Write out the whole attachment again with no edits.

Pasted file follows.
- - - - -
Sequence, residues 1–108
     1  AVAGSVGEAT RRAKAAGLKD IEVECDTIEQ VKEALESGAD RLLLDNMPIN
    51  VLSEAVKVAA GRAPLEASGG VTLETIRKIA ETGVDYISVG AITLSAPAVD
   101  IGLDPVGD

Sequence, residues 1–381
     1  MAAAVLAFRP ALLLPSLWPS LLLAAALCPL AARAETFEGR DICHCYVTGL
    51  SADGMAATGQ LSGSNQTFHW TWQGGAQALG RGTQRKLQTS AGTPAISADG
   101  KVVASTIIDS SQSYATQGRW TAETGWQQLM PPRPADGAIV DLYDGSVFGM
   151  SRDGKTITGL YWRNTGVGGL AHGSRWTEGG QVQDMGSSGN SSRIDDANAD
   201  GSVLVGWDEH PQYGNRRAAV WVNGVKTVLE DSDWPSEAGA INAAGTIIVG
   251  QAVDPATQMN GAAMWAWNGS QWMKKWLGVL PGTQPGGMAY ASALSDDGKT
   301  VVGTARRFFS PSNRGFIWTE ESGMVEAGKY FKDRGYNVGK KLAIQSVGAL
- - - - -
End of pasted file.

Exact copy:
Sequence, residues 1–108
     1  AVAGSVGEAT RRAKAAGLKD IEVECDTIEQ VKEALESGAD RLLLDNMPIN
    51  VLSEAVKVAA GRAPLEASGG VTLETIRKIA ETGVDYISVG AITLSAPAVD
   101  IGLDPVGD

Sequence, residues 1–381
     1  MAAAVLAFRP ALLLPSLWPS LLLAAALCPL AARAETFEGR DICHCYVTGL
    51  SADGMAATGQ LSGSNQTFHW TWQGGAQALG RGTQRKLQTS AGTPAISADG
   101  KVVASTIIDS SQSYATQGRW TAETGWQQLM PPRPADGAIV DLYDGSVFGM
   151  SRDGKTITGL YWRNTGVGGL AHGSRWTEGG QVQDMGSSGN SSRIDDANAD
   201  GSVLVGWDEH PQYGNRRAAV WVNGVKTVLE DSDWPSEAGA INAAGTIIVG
   251  QAVDPATQMN GAAMWAWNGS QWMKKWLGVL PGTQPGGMAY ASALSDDGKT
   301  VVGTARRFFS PSNRGFIWTE ESGMVEAGKY FKDRGYNVGK KLAIQSVGAL